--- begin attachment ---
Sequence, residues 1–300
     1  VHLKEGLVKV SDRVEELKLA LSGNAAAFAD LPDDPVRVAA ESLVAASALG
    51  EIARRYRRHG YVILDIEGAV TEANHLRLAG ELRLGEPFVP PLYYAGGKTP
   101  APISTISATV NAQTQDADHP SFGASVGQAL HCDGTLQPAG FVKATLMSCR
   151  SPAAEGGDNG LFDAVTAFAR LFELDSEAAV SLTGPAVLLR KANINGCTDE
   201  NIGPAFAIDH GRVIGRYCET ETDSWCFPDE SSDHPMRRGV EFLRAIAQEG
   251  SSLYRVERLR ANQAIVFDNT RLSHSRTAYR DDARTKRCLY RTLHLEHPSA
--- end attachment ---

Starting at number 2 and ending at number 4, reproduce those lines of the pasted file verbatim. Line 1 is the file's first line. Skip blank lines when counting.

     1  VHLKEGLVKV SDRVEELKLA LSGNAAAFAD LPDDPVRVAA ESLVAASALG
    51  EIARRYRRHG YVILDIEGAV TEANHLRLAG ELRLGEPFVP PLYYAGGKTP
   101  APISTISATV NAQTQDADHP SFGASVGQAL HCDGTLQPAG FVKATLMSCR